Looking ahead to 2019 with Deloitte Access Economics - 5G Mobile

AMTA was pleased to finish the year with a members forum, hosted by Nokia in North Sydney, where we heard from the Deloitte Access Economics team, John O'Mahony and Jessica Mizrahi, as well as Peter Corbett from Deloitte Digital who presented findings from the Australian Cut of the Deloitte Mobile Consumer Survey 2018.

Peter Corbett noted that the continued adoption of unlimited plans and soon, new network capabilities like 5G are likely to make us more attached to our devices than ever before. However, he believes that we are far from peak smartphone usage, as demonstrated by comparisons to Asian consumer trends.

Peter said that the survey results show that in 2018, buying a smartphone is one of the most important purchases an Australian consumer will make. And while price is always an important consideration for consumers, it is about more than price with consumers carefully considering the device and services ecosystem that they are buying into.  

With 5G network technology expected to roll-out from late 2019, the Deloitte survey found that 39% of Australians surveyed indicated they would proactively switch to 5G network as soon as it was available or upon hearing good things which is higher than other geographies like the US and UK. 

The most immediate commercialisation pathways for 5G appear to be in the home through fixed wireless products however the survey found that only 22% of Australians regard their network as good enough during their commute.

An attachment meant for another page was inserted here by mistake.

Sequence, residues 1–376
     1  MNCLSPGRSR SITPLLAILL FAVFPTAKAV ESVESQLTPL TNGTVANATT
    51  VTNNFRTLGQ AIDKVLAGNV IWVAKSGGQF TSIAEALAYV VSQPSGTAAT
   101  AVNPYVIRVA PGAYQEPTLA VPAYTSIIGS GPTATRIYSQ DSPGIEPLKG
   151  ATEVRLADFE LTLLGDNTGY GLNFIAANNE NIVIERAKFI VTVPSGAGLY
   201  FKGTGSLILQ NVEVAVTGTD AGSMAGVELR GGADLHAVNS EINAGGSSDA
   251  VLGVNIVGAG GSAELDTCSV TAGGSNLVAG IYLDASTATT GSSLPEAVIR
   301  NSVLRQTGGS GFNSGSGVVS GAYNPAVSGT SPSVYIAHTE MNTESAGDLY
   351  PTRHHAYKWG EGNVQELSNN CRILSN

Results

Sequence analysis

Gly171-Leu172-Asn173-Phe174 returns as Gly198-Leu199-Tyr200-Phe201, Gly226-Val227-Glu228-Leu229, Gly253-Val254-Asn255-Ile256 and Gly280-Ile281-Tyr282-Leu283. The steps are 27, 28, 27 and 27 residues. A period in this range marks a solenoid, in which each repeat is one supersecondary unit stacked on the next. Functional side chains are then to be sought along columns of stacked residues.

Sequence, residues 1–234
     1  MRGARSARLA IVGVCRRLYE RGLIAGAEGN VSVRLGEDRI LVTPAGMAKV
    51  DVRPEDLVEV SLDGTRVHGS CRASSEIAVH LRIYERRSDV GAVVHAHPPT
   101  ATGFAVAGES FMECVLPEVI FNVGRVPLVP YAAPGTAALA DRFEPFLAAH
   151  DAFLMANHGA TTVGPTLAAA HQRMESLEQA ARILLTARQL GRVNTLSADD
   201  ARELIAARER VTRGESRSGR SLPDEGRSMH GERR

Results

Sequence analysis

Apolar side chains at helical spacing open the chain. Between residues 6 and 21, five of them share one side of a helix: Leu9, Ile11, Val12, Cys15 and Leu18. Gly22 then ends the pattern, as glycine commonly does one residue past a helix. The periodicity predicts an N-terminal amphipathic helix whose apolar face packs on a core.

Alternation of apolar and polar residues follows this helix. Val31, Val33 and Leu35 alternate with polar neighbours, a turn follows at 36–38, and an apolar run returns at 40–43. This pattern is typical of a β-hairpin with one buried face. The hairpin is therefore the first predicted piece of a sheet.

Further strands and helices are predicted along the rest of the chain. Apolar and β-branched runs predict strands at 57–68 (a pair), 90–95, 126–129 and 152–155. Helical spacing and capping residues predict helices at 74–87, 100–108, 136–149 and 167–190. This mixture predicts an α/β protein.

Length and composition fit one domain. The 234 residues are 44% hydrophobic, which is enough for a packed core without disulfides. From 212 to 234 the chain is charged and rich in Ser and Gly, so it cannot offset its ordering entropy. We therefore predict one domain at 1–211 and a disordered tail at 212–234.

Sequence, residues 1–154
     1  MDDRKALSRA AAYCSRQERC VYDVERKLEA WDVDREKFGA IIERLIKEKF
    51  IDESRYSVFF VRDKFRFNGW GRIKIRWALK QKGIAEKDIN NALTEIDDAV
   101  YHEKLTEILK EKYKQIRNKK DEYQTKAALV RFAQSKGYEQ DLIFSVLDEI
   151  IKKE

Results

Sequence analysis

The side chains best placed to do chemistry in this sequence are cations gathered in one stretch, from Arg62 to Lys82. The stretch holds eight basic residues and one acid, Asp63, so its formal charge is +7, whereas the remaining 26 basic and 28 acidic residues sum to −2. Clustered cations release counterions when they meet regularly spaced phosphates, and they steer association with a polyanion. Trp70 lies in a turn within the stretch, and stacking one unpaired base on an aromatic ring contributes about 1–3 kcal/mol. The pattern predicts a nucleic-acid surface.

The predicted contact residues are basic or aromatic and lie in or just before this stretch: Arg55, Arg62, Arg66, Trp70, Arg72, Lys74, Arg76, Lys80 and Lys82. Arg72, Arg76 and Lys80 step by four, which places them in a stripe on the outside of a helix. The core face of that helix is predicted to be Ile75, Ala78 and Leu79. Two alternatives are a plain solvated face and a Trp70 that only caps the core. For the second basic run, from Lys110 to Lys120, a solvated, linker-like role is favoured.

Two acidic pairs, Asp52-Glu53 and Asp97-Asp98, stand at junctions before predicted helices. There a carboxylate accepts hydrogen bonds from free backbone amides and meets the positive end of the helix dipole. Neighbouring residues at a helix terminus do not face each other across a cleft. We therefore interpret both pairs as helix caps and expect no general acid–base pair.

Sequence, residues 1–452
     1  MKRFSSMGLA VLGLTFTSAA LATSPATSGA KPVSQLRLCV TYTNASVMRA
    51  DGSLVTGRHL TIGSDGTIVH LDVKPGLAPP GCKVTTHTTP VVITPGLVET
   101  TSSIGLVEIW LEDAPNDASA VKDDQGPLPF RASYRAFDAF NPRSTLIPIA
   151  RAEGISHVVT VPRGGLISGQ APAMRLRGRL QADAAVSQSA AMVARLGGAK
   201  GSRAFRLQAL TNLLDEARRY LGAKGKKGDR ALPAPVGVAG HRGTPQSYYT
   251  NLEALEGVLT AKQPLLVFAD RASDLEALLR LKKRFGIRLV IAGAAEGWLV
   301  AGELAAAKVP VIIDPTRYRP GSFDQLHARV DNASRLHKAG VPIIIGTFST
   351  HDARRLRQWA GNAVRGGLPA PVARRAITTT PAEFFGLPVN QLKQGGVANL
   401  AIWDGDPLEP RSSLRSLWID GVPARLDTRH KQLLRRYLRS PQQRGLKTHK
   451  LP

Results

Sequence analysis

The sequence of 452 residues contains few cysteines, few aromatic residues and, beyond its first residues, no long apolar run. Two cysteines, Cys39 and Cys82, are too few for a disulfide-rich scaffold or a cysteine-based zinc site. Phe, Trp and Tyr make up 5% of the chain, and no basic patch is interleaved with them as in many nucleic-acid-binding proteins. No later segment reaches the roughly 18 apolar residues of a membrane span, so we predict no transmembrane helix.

The survey also found that while 90% of businesses expect to use 5G in the next two years and believe that it will help them to work more flexibly and engage better with customers, the barriers to take up of 5G relate to concerns about expense, usefulness and security/privacy.

Click here to download the presentation from Deloitte Access Economics


Final NTP results cannot confirm mobile phone cause cancer in humans

The long awaited final results of the decade-spanning US National Toxicology Program on radiofrequency energy exposure has found no consistent effects in male and female mice and rats exposed to mobile phone signals for their whole life (2 years). However, in a sub-section of the study, researchers found that at the highest doses for the longest periods of time, cellphone radiation might cause a rare cancer in male rats. “High exposure to radiofrequency radiation (RFR) in rodents resulted in tumours in tissues surrounding nerves in the hearts of male rats, but not female rats or any mice, according to draft studies from the National Toxicology Program (NTP),” said a press release from the National Institute of Environmental Health Sciences where the program is headquartered.


Interference to mobile networks - Buyer Beware!

Interference to the mobile network can cause calls to drop out, data speeds to drop and impact on network performance. In the worst case, it can prevent someone else from making a call to Triple Zero in an emergency. The ACMA has now made available a consumer factsheet on interference that explains some of the common causes of interference and what you should do if you are contacted by a mobile network operator about interference to their network.